Wednesday, November 30, 2016

That Obscure Object of Desire

One of the side effects of studying the material of W. B. Yeats's A Vision is that you do notice echoes of its categories in some fairly unexpected places. These may have nothing to do with the Yeatses' system, yet they show how elements of it are natural distinctions.

Reading David Brooks's column "Does Decision-Making Matter?" in the New York Times last Saturday, I was struck at the end by how clearly he had described the role and importance of the Mask, and then looking back through the article saw elements that corresponded to Body of Fate, and then to Will and Creative Mind.

I'll summarise the article here, even though it's brief, but I'd recommend that you read it—maybe even read it first. The article starts as a preview of a forthcoming book by Michael Lewis The Undoing Project (2016), which examines the life and work of the Israeli psychologists Daniel Kahneman and Amos Tversky (Kahneman's book outlining some of their research Thinking, Fast and Slow (2011) has been a recent best seller, and Lewis has previously written such books as Moneyball, The Big Short, and Flash Boys). Brooks then moves on to some thoughts provoked by this double biography.

After describing Kahneman's background in France under Nazi occupation and then Israel, and Tversky's childhood in Israel, and their meeting, the article notes the intensity and closeness of their partnership and how their research "revolutionized how we think about ourselves". Kahneman and Tversky showed that, rather than being the rational creatures of traditional economics,  we are biased and in predictable ways.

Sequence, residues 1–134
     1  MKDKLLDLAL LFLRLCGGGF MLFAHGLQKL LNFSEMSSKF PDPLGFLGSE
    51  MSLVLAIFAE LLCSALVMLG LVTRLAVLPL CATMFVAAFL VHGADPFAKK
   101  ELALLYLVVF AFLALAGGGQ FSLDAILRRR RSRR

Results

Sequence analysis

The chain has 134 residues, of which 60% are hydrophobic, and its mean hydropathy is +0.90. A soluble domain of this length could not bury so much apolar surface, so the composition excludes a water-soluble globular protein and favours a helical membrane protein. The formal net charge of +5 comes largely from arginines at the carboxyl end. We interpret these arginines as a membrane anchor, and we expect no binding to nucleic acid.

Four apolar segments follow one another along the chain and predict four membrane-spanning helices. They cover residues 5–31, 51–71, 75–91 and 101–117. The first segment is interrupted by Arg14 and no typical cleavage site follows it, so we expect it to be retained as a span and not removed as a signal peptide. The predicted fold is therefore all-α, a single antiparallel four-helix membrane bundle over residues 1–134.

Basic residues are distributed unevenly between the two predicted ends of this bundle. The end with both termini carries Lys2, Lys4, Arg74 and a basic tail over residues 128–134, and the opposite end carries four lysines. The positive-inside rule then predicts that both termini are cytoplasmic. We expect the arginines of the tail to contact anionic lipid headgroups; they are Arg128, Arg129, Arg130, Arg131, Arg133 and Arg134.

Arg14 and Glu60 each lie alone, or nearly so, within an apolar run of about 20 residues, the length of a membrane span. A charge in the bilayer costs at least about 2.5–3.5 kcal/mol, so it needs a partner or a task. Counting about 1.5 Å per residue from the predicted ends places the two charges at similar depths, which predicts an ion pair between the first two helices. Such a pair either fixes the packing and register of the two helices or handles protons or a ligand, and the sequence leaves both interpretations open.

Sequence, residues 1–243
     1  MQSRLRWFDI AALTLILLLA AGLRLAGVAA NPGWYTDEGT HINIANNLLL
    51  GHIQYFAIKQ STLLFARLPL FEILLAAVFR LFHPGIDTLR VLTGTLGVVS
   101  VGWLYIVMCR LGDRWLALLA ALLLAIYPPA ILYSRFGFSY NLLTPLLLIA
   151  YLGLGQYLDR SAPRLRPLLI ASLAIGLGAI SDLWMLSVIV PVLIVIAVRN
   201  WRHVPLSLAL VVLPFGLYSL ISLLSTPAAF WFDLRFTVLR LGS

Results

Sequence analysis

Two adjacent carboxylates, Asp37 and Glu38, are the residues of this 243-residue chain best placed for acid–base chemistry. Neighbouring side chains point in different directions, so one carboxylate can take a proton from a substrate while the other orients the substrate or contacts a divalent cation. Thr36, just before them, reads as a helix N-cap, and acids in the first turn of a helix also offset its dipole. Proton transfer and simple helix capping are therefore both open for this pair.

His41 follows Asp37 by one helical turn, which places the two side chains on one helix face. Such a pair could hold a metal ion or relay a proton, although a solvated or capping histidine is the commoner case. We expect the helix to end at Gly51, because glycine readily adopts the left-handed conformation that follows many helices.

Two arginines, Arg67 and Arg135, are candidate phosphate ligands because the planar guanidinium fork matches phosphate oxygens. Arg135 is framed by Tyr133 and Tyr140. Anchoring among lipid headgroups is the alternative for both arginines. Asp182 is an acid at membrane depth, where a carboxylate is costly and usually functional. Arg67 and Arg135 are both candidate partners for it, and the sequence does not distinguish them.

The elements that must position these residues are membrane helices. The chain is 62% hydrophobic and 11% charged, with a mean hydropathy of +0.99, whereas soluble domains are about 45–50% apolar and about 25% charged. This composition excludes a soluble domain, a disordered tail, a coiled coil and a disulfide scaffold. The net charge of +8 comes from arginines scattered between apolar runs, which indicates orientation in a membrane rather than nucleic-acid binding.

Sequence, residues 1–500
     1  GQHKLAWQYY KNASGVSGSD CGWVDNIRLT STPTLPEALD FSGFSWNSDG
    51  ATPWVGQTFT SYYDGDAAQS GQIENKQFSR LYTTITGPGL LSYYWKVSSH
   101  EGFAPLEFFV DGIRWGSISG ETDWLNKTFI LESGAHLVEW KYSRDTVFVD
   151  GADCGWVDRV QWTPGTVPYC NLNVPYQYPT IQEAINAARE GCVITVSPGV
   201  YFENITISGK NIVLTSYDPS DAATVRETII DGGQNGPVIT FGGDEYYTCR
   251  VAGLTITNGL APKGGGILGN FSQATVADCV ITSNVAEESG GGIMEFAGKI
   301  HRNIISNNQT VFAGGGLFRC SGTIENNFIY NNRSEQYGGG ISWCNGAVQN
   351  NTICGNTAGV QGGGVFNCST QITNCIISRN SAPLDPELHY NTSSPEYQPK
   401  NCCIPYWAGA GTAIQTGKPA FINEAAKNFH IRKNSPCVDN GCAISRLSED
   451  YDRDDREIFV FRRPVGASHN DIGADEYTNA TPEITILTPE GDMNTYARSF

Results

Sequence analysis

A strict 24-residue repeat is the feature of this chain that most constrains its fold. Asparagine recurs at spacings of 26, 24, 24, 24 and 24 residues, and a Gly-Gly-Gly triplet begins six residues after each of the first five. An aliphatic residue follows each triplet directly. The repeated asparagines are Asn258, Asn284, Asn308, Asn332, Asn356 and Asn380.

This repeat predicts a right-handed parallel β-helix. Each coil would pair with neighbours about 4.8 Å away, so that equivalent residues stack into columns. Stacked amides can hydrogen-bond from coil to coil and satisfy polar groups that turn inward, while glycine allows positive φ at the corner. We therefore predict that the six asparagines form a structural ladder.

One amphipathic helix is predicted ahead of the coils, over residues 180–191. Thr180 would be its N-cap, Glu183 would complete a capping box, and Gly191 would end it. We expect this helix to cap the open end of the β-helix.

Though their research has analysed decision-making, Brooks pauses to ask how much of these two men's lives depended upon decisions that they made:
The major trajectories of their lives were determined by historical events, random coincidences, their own psychological needs and irresistible impulsions.
....Their lives weren't so much shaped by decisions as by rapture.
....when it comes to the really major things we mostly follow our noses. What seems interesting, beautiful, curious and addicting?
Have you ever known anybody to turn away from anything they found compulsively engaging?
....Now that we know a bit more about decision-making, maybe the next frontier is desire. Maybe the next Kahneman and Tversky will help us understand what explains, fires and orders our loves. 
Brooks's subject here is the Mask, the goal and focus of desire, what beckons us onward. Yeats's approach is mythic and symbolic, not the scientific and psychological study that Brooks asks for, but it is the same drive and compulsion that they identify. This is how I summarised Yeats's descriptions of the Mask in an essay a few years ago: